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How to Replace
1. Disconnect the fuel pump relay and allow the engine to run until it stalls to ensure that the vehicle is properly supported and that the fuel system is depressurized.
2. Locate the fuel pump inside or outside the tank, and remove the old fuel pump.
3. Fill the new fuel pump with fuel, and then install it.
4. Tightly and securely connect fuel lines to the new fuel pump.
5. Connect the fuel pump to the vehicle's wiring harness or to a separate electrical supply.
6. Test the fuel pump. Turn the ignition key to the "on" position and listen for the fuel pump to prime. Check the fuel pressure using a fuel pressure gauge.
7. Reinstall components that were removed during the installation process.
|Acura ILX||2016-2018 2.4L|
|Acura TLX||2015-2016 2.4L|
|Honda Accord||2013-2016 3.5L|
|Honda CR-V||2015-2016 2.4L|
The lifespan of a fuel pump can vary depending on several factors, including the type of vehicle, driving conditions, and fuel quality. In general, a fuel pump can last anywhere from 50,000 to 100,000 miles or more before it needs to be replaced.
1. Overheating: If the fuel pump is exposed to high temperatures, it can cause the fuel to boil and form vapor bubbles. This can cause the fuel pump to work harder and eventually fail.
2. Contaminants: Dirt, rust, and other contaminants in the fuel can cause the fuel pump to wear out more quickly. These contaminants can also clog the fuel filter, which can put additional strain on the fuel pump.
3. Electrical issues: A problem with the wiring or electrical components that control the fuel pump can cause it to fail or work intermittently.
4. Low fuel level: Running the fuel level too low can cause the fuel pump to overheat and eventually fail.
5. Age and wear: Over time, the components in the fuel pump can wear out, causing it to lose efficiency and eventually fail.
6. Improper installation: If the fuel pump is not installed correctly, it can cause damage to the pump or other components in the fuel system.
7. Corrosion: Corrosion can occur in the fuel tank or fuel lines, which can lead to the build-up of debris and clogs. This can cause the fuel pump to work harder and eventually fail.
1. Engine sputters or stalls: If your engine sputters or stalls while driving, it could be a sign that your fuel pump is failing. This is caused by a lack of fuel getting to the engine.
2. Loss of power: If your vehicle is losing power while accelerating or driving up a hill, it could be a sign that the fuel pump is not providing enough fuel to the engine.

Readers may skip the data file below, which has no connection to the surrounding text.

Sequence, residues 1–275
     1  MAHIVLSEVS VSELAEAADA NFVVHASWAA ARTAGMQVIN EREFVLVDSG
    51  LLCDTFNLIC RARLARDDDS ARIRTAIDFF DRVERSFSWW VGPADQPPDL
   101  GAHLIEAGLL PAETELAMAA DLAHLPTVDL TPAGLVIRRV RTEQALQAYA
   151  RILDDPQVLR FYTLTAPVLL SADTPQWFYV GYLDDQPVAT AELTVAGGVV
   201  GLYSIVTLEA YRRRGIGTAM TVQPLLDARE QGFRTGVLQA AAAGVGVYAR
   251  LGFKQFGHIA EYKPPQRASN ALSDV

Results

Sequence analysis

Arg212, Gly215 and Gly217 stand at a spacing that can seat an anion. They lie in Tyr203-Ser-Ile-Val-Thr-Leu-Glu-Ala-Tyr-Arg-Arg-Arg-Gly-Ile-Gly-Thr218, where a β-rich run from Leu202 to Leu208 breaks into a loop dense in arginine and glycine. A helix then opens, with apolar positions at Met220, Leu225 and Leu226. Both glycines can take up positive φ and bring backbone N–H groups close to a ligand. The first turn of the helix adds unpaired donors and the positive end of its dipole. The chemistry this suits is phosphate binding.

3. Difficulty starting: If your vehicle is having trouble starting or is taking longer than usual to start, it could be a sign that the fuel pump is not functioning properly.
4. Whining noise: A whining noise coming from the fuel tank or engine compartment could indicate that the fuel pump is failing. This noise is caused by a worn or damaged fuel pump.
5. Engine warning light: If the "Check Engine" or "Service Engine Soon" warning light is illuminated on the dashboard, it could be a sign of a failing fuel pump.
6. Decreased fuel efficiency: A failing fuel pump can cause your vehicle to have decreased fuel efficiency. This is because the engine is not receiving the optimal amount of fuel.
7. Overheating: A failing fuel pump can cause the engine to overheat. This is because the fuel pump is not providing enough fuel to cool the engine.
You can follow steps of How to Replace on the page of Description. However, it is recommended to have the fuel pump replaced by a qualified mechanic if you are not comfortable with the process or do not have the necessary experience and tools.
There are four ways to test a fuel pump to determine if it is functioning properly:
1. Fuel pressure test: A fuel pressure test involves connecting a fuel pressure gauge to the fuel rail or fuel line and checking the pressure of the fuel system. If the pressure is below the specified range, it may indicate a problem with the fuel pump.
2. Voltage test: A voltage test involves using a multimeter to test the voltage at the fuel pump connector. The voltage should be consistent with the manufacturer's specifications. If there is no voltage or the voltage is below the specified range, it may indicate a problem with the fuel pump or the electrical system.
3. Fuel pump sound test: A fuel pump sound test involves turning the key to the "on" position without starting the engine and listening for the sound of the fuel pump. You should hear a buzzing sound indicating that the fuel pump is working. If you do not hear the sound, it may indicate a problem with the fuel pump or the electrical system.
4. Fuel pump current draw test: A fuel pump current draw test involves using an amp meter to test the electrical current draw of the fuel pump. The current draw should be consistent with the manufacturer's specifications. If the current draw is too high or too low, it may indicate a problem with the fuel pump or the electrical system.